noun, plural E's or Es, e's or es.
Definition for e (2 of 12)
Definition for e (3 of 12)
Definition for e (4 of 12)
Definition for e (5 of 12)
- the third tone in the scale of C major or the fifth tone in the relative minor scale, A minor.
- a string, key, or pipe tuned to this tone.
- a written or printed note representing this tone.
- (in the fixed system of solmization) the third tone of the scale of C major, called mi.
- the tonality having E as the tonic note.
- electric field.
- electric field strength.
Definition for e (6 of 12)
Definition for e (7 of 12)
(used in combination)
Definition for e (8 of 12)
Definition for e (9 of 12)
Definition for e (10 of 12)
Definition for e (11 of 12)
Definition for e (12 of 12)
Origin of epsilon
Examples from the Web for e
The guitar is tuned to E, and an Eminor chord on a guitar just rings and rings forever.
"He brought Ray Charles to the mix as an influence on rock & roll," E Street Band guitarist Steven Van Zandt once raved.
Others, like the Tehrike e Taliban Pakistan (TTP) vowed to topple the Pakistani state itself.Obama’s Deadly Informants: The Drone Spotters of Pakistan|Umar Farooq, Syed Fakhar Kakakhel|November 12, 2014|DAILY BEAST
The fact that an entire interview was being conducted solely about his looks was ludicrous, yet this is the sort of thing that E!The Outrage Over Beyonce’s Bettie Page Bangs: Why the Media Must Stop Objectifying Women|Phoebe Robinson|October 15, 2014|DAILY BEAST
An hour-and-a-half of pure, raucous, profanity-fueled laughter: what a perfect edition of Fashion Police aired on E!Melissa Rivers: Life After Joan—A Funny, Moving Celebration on a Special 'Fashion Police'|Tim Teeman|September 20, 2014|DAILY BEAST
"Good-day to 'e, squire," he had said, and that was pleasant to hear.Beyond The Rocks|Elinor Glyn
These muscles lie within the longitudinal muscles, and adhere pretty firmly to the coat (e, e, fig. 7) of the great ovarian sack.A Monograph on the Sub-class Cirripedia (Volume 2 of 2)|Charles Darwin
Her forhed was as whytte as ys the snowe whyche y^e talle hed of a Norwegian pyne stelythe from y^e northerne wynde.Life of John Keats|Sidney Colvin
E says the butchers the only thing for er, said the other, with great contempt.Mrs. Craddock|W. Somerset Maugham
An' 'e sez there's a many as 'll do it, an' he tells Twitt—'Twitt,' sez he, 'Pin your faith on brave books!The Treasure of Heaven|Marie Corelli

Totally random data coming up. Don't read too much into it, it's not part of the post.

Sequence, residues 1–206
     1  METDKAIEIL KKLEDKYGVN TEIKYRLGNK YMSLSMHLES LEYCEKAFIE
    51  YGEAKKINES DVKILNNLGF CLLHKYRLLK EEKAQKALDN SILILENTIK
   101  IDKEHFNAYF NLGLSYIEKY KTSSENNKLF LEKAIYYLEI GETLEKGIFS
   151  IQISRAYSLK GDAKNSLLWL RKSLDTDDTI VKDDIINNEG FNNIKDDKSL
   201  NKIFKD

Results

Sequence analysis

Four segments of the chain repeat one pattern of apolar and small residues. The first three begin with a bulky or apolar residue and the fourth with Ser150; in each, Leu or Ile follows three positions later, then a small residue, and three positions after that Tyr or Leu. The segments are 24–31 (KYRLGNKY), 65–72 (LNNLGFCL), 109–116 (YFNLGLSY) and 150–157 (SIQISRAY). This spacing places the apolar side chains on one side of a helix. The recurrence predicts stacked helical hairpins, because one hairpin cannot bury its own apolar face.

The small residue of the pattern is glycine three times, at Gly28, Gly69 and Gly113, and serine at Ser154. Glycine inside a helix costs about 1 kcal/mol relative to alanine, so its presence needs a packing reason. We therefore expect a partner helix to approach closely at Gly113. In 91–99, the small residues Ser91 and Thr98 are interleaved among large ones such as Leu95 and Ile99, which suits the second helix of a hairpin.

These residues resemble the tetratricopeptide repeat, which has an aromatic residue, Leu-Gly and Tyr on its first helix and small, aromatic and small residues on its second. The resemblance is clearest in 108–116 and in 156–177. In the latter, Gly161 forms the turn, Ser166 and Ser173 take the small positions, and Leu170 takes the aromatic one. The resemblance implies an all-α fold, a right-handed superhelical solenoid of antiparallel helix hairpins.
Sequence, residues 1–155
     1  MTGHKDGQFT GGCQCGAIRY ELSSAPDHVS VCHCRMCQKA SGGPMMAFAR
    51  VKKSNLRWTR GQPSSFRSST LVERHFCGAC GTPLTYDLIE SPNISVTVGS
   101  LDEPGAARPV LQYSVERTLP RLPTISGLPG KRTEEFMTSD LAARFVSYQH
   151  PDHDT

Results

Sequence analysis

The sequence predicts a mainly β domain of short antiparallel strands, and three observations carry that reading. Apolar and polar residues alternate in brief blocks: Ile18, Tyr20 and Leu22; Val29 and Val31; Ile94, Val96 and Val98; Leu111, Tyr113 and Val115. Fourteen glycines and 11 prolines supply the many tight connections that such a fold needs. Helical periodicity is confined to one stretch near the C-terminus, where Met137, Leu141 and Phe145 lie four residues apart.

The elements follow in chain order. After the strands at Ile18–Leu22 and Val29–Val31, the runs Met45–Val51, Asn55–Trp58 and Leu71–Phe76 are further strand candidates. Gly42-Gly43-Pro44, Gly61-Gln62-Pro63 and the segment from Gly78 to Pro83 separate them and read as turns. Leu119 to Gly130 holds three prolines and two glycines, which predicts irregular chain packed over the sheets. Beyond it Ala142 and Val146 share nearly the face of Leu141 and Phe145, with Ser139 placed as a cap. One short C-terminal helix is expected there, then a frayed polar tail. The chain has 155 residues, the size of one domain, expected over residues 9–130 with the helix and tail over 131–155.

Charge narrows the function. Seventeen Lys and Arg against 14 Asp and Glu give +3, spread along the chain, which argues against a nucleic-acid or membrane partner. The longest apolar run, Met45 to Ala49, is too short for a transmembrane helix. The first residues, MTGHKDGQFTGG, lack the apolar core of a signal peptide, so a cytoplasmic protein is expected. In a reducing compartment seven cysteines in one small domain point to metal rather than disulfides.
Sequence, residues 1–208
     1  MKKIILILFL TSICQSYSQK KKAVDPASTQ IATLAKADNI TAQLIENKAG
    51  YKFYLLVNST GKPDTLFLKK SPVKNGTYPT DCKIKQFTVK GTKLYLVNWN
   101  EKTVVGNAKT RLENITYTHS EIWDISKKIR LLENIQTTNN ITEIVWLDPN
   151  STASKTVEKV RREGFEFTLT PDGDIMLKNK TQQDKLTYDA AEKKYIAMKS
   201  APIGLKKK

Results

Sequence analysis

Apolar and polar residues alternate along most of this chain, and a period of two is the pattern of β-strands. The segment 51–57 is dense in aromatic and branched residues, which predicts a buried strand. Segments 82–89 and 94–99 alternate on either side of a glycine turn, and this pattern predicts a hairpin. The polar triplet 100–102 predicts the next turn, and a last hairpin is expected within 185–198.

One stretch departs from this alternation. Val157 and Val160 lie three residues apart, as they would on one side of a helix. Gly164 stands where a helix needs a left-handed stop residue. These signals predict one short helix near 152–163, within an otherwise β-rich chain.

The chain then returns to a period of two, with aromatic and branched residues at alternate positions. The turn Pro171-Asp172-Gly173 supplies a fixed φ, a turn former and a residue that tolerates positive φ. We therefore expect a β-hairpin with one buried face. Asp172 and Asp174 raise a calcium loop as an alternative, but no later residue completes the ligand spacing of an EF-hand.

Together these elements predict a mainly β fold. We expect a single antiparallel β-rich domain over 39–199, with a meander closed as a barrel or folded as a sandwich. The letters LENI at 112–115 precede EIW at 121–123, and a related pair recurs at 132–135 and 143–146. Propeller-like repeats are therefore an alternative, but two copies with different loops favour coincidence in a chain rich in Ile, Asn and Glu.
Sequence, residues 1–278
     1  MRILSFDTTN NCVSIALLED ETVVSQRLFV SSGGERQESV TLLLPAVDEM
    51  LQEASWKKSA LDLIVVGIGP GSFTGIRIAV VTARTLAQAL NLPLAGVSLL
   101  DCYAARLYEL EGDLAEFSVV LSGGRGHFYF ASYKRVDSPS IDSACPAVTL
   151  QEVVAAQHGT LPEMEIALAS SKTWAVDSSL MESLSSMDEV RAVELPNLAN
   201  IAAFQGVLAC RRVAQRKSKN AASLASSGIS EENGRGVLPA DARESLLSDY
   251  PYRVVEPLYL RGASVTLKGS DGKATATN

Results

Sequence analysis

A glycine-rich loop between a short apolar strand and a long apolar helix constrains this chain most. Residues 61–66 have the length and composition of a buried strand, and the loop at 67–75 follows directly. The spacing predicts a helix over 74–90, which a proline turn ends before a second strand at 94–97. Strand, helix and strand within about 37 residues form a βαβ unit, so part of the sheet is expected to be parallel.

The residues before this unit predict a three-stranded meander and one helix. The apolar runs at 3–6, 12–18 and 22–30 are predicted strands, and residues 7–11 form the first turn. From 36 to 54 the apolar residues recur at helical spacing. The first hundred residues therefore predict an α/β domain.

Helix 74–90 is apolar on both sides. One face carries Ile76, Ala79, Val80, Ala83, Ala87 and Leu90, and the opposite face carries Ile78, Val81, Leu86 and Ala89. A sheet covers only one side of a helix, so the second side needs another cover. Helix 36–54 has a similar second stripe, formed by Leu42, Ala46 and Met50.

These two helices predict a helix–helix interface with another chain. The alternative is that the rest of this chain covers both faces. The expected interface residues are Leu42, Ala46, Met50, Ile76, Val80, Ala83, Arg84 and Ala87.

British Dictionary definitions for e (1 of 11)
noun plural e's, E's or Es
British Dictionary definitions for e (2 of 11)
British Dictionary definitions for e (3 of 11)
- a note having a frequency of 329.63 hertz (E above middle C) or this value multiplied or divided by any power of 2; the third note of the scale of C major
- a key, string, or pipe producing this note
- the major or minor key having this note as its tonic
- electric field strength
- electromotive force
- Young's modulus (of elasticity)
- a person without a regular income, or who is dependent on the state on a long-term basis because of unemployment, sickness, old age, etc
- (as modifier)E worker See also occupation groupings
Word Origin for E
British Dictionary definitions for e (4 of 11)
prefix forming verbs and verbal derivatives
Word Origin for e-
British Dictionary definitions for e (5 of 11)
British Dictionary definitions for e (6 of 11)
British Dictionary definitions for e (7 of 11)
British Dictionary definitions for e (8 of 11)
Word Origin for epsilon
British Dictionary definitions for e (9 of 11)
British Dictionary definitions for e (10 of 11)
British Dictionary definitions for e (11 of 11)
Medicine definitions for e (1 of 2)
Medicine definitions for e (2 of 2)
Science definitions for e (1 of 2)
Science definitions for e (2 of 2)
Culture definitions for e
A prefix that stands for “electronic” and refers to information technologies, business, and almost anything connected to or transmitted over the Internet. Some examples of its use include e-business, e-commerce, e-book, and e-mail.